Components of the strobe-offset control system 1000 include a calibration control circuit 120, a variable delay element 130, and a multiplexer 140, but can include and/or couple with additional components as appropriate to the memory system 1099 or host electronic system. The strobe-offset control system 1000 and its various components operate during data transfer operations as described above with reference to
Another alternative example of a strobe-offset control system provides separate strobe-offset control for rising and falling edges of the strobe signal DQS.
The strobe-offset control system 1100 is similar to the strobe-offset control system 100 described above with reference to
As described above with reference to
In response to phase difference information of the adjustment control signal 114 the N-bit counter 1202 accumulates the up/down adjustment and generates the delay control signal 124 as appropriate to the detected phase difference. The delay control signal 124 couples to adjust the variable delay value of delay element 130 up or down as appropriate to the detected phase difference.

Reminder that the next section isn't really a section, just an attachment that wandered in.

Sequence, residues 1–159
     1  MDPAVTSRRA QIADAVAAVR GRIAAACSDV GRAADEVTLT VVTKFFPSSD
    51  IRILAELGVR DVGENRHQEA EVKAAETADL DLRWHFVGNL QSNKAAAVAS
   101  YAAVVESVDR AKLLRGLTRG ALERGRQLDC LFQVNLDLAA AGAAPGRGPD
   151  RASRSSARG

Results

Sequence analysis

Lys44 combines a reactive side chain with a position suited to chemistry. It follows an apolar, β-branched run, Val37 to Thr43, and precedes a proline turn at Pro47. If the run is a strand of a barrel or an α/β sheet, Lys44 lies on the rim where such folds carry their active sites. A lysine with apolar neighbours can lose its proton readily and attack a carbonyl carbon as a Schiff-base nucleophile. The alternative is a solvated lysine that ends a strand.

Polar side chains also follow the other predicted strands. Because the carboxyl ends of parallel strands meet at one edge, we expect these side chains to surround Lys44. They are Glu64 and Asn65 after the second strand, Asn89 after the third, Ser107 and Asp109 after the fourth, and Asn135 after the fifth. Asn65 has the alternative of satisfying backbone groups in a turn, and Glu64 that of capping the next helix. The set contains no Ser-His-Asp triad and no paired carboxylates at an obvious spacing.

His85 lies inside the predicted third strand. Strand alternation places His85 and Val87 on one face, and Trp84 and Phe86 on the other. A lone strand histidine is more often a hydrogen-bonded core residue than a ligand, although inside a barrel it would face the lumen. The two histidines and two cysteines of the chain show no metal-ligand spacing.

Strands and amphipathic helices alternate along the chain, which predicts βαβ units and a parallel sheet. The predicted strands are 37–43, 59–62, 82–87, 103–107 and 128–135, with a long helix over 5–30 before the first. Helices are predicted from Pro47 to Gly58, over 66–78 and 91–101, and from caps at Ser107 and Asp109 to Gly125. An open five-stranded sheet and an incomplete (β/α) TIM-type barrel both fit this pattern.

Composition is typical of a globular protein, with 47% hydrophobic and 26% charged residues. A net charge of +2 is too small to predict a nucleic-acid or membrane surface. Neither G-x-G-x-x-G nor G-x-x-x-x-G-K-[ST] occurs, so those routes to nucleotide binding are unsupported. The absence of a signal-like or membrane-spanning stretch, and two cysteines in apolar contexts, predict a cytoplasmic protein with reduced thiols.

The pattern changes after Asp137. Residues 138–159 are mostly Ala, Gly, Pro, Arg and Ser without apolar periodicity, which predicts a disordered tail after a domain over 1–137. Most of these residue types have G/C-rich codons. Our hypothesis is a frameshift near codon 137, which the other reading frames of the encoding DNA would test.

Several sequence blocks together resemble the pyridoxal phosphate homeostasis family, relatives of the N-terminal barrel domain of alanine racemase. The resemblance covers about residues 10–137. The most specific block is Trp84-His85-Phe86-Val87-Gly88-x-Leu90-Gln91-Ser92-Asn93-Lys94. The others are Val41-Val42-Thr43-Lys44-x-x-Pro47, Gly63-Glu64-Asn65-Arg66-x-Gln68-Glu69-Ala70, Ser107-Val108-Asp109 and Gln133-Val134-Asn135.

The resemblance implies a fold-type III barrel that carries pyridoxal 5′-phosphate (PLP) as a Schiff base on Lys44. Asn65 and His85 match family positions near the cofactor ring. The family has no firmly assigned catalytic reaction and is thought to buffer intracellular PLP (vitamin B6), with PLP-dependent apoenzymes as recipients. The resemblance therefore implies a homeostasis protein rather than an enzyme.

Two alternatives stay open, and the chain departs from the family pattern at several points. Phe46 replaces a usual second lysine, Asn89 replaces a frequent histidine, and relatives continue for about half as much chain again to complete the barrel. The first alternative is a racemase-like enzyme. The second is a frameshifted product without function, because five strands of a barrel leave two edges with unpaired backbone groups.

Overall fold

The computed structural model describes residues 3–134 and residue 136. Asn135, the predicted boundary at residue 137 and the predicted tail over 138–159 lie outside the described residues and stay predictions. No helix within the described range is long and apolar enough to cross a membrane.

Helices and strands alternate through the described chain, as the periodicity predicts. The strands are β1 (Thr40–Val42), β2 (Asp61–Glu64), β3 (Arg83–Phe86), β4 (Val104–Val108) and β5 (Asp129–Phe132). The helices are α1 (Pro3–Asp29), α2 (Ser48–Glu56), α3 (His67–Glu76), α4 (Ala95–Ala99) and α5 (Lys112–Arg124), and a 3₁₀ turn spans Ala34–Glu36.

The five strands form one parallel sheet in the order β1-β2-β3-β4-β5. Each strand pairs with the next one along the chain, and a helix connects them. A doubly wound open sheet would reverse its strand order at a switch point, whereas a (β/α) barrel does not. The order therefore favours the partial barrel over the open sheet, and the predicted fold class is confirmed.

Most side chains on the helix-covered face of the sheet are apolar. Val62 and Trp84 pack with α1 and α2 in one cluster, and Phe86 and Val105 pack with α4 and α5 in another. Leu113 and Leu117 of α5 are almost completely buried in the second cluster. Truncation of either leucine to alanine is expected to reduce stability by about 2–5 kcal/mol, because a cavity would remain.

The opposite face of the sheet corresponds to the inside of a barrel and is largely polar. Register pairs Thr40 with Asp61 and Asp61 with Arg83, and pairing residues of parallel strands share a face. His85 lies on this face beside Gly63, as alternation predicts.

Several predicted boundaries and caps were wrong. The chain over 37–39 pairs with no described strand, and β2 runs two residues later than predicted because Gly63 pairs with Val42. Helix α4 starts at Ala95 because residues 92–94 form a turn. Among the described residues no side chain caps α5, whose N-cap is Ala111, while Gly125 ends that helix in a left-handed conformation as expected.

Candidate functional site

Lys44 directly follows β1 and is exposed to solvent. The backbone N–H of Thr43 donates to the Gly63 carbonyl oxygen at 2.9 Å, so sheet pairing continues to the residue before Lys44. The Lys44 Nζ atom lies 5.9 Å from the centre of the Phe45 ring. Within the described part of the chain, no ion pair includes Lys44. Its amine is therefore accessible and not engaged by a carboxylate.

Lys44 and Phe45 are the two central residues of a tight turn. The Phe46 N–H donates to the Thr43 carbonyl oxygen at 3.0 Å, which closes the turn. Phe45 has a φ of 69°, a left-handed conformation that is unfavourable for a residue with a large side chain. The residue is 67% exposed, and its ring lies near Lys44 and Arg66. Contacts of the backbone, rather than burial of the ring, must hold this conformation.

The calibration control circuit 120 also includes optional circuitry 1210 for detecting a dither condition between the phase of the strobe signal and the data signal as detected by the receiver when the phase of the strobe signal is approximately the same as the phase of the data signal. In response to detecting the dither condition, the circuitry 1210 enables the optional lock signal 126. The lock signal 126 is subsequently output (to the memory controller or other circuitry of the memory system 199) by the calibration control circuit 120 to indicate detected phase alignment of the strobe and data signals.
The N-bit counter 1202 can be replaced by a charge pump in an alternative embodiment of the calibration control circuit 120. As one example,
In operation, the calibration control circuit 120 receives an up/down adjustment control signal 114 that represents the difference in phase between the strobe signal and the data signal as detected by the receiver. Information of the adjustment control signal 114 is used to provide the control (up) signal to the gate of transistor Tu and to provide the control (down) signal to the gate of transistor Td.
In operation, when the control (up) signal is enabled (and the control (down) signal is disabled), transistor Tu causes a first current source I1 to deliver charge onto capacitor C. In contrast, when the control (down) signal is enabled (and the control (up) signal is disabled), transistor Td causes a second current source I2 to sink current with a subsequent decrease in charge on capacitor C. In this manner the charge stored on the capacitor C is representative of the up or down adjustment applied to the variable delay value in response to the detected phase difference between the strobe and data signals. The charge pump 1300 outputs an analog control voltage Vout for use in generating the delay control signal 124 (